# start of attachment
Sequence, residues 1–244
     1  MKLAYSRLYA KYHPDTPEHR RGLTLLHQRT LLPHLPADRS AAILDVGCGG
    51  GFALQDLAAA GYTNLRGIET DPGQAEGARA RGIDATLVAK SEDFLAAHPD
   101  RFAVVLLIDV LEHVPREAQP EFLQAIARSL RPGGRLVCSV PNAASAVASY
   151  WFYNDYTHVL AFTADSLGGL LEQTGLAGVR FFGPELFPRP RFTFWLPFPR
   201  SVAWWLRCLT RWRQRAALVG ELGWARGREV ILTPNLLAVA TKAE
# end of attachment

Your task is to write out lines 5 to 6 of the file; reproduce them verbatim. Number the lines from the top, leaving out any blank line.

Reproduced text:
   151  WFYNDYTHVL AFTADSLGGL LEQTGLAGVR FFGPELFPRP RFTFWLPFPR
   201  SVAWWLRCLT RWRQRAALVG ELGWARGREV ILTPNLLAVA TKAE